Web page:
I really enjoyed reading this article that draws the contours around the solidarity between radicalized peoples in the States, (namely people of Black African descent), and Palestinians in the shared struggle for human dignity, confronting racist norms and practices. That said, my sense is that you may have had an alternative experience had you visited alone, without the buffer of a delegation, and journeyed throughout the occupied lands as a man with a dark complexion.
    It's a pity you did not meet Palestinian activists who embody varying degrees of blackness, who are very much committed to the liberation of Palestine, however, experience both internal and external racism. This vantage point, would have, in my opinion, produced a different critique or discourse that simulatenously condemns Israeli occupation and names internalized racism within Palestinian society. Perhaps one of the short comings of Queer Palestinian and Feminist discourses, is that both fail to recognize, that in particular contexts, Palestinian bodies are subject to more than one racial inscription. No doubt there is some strategic essentialism at play here, or simply a lack of reflexiveness/locatedness, despite the appropriation of framework, such as, intersectionality by well-known activists. With Pink-washing in mind, of course, and the queer Palestinian activists' disavowal to be used as diversions in a colonial system, the question is can we broaden the resistance to include all forms of subordination?

  27. Habiba

    March 4, 2012 at 1:56 pm

    I really enjoyed reading this article that draws the contours around the solidarity between radicalized peoples in the States, (namely people of Black African descent), and Palestinians in the shared struggle for human dignity, confronting racist norms and practices. That said, my sense is that you may have had an alternative experience had you visited alone, without the buffer of a delegation, and journeyed throughout the occupied lands as a man with a dark complexion.
    It's a pity you did not meet Palestinian activists who embody varying degrees of blackness, who are very much committed to the liberation of Palestine, however, experience both internal and external racism. This vantage point, would have, in my opinion, produced a different critique or discourse that simulatenously condemns Israeli occupation and names internalized racism within Palestinian society. Perhaps one of the short comings of Queer Palestinian and Feminist discourses, is that both fail to recognize, that in particular contexts, Palestinian bodies are subject to more than one racial inscription. No doubt there is some strategic essentialism at play here, or simply a lack of reflexiveness/locatedness, despite the appropriation of framework, such as, intersectionality by well-known activists. With Pink-washing in mind, of course, and the queer Palestinian activists' disavowal to be used as diversions in a colonial system, the question is can we broaden the resistance to include all forms of subordination?

  28. Habiba

    March 4, 2012 at 1:56 pm

    I really enjoyed reading this article that draws the contours around the solidarity between radicalized peoples in the States, (namely people of Black African descent), and Palestinians in the shared struggle for human dignity, confronting racist norms and practices. That said, my sense is that you may have had an alternative experience had you visited alone, without the buffer of a delegation, and journeyed throughout the occupied lands as a man with a dark complexion.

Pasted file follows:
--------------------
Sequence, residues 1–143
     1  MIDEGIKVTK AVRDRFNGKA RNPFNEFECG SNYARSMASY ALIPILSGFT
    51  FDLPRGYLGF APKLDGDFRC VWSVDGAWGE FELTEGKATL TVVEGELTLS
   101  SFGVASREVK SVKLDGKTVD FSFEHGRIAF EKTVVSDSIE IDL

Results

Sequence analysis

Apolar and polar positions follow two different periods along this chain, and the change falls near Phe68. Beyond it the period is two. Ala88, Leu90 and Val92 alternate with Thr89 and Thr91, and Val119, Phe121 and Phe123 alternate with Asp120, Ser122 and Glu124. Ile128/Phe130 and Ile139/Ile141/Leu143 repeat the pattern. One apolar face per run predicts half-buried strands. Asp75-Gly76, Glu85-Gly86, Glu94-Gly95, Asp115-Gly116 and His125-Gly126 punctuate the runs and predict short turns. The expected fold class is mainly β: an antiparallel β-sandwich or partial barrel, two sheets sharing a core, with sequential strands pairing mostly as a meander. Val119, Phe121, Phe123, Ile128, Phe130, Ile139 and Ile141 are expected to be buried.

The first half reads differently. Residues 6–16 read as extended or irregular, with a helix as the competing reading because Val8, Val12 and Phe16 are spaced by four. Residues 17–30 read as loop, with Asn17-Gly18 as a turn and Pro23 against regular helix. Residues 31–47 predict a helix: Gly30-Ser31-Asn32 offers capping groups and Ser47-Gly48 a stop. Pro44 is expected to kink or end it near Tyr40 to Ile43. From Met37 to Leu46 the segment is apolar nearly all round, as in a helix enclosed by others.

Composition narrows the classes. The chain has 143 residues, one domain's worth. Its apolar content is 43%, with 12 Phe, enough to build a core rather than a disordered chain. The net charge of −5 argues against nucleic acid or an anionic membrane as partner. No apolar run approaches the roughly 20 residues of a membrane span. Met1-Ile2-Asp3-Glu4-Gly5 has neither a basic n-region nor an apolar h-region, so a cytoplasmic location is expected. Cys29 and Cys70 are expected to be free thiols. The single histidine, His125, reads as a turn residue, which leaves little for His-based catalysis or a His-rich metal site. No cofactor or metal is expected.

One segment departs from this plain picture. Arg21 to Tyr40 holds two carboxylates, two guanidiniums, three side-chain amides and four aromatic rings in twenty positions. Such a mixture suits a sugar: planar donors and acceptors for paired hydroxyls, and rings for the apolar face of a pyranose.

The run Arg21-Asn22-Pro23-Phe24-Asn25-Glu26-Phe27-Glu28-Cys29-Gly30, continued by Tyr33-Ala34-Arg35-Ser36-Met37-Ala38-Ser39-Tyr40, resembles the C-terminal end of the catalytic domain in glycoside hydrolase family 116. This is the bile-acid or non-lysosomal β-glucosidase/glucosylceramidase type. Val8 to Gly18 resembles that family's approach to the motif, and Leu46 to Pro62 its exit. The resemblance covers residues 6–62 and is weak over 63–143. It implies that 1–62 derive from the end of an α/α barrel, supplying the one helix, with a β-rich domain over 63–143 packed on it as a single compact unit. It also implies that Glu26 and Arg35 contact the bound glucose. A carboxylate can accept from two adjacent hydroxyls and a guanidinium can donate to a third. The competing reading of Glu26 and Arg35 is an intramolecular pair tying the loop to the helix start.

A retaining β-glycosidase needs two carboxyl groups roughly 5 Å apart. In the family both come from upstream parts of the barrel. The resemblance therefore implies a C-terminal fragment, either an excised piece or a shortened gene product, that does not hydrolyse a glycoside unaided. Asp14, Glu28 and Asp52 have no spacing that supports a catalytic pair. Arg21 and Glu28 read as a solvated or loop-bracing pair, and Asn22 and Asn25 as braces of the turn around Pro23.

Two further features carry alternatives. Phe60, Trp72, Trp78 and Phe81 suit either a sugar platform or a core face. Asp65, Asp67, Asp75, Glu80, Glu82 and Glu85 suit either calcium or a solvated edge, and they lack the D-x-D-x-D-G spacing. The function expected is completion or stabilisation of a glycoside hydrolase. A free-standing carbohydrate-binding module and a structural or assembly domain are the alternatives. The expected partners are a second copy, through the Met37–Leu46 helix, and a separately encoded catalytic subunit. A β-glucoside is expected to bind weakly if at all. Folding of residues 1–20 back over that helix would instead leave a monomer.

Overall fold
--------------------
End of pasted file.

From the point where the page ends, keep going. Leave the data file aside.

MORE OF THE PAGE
It's a pity you did not meet Palestinian activists who embody varying degrees of blackness, who are very much committed to the liberation of Palestine, however, experience both internal and external racism. This vantage point, would have, in my opinion, produced a different critique or discourse that simulatenously condemns Israeli occupation and names internalized racism within Palestinian society. Perhaps one of the short comings of Queer Palestinian and Feminist discourses, is that both fail to recognize, that in particular contexts, Palestinian bodies are subject to more than one racial inscription. No doubt there is some strategic essentialism at play here, or simply a lack of reflexiveness/locatedness, despite the appropriation of framework, such as, intersectionality by well-known activists. With Pink-washing in mind, of course, and the queer Palestinian activists' disavowal to be used as diversions in a colonial system, the question is can we broaden the resistance to include all forms of subordination?

  29. Habiba

    March 4, 2012 at 1:57 pm

    I really enjoyed reading this article that draws the contours around the solidarity between racialized peoples in the States, (namely people of Black African descent), and Palestinians in the shared struggle for human dignity, confronting racist norms and practices. That said, my sense is that you may have had an alternative experience had you visited alone, without the buffer of a delegation, and journeyed throughout the occupied lands as a man with a dark complexion.
    It’s a pity you did not meet Palestinian activists who embody varying degrees of blackness, who are very much committed to the liberation of Palestine, however, experience both internal and external racism. This vantage point, would have, in my opinion, produced a different critique or discourse that simulatenously condemns Israeli occupation and names internalized racism within Palestinian society. Perhaps one of the short comings of Queer Palestinian and Feminist discourses, is that both fail to recognize, that in particular contexts, Palestinian bodies are subject to more than one racial inscription. No doubt there is some strategic essentialism at play here, or simply a lack of reflexiveness/locatedness, despite the appropriation of framework, such as, intersectionality by well-known activists. With Pink-washing in mind, of course, and the queer Palestinian activists’ disavowal to be used as diversions in a colonial system, the question is can we broaden the resistance to include all forms of subordination?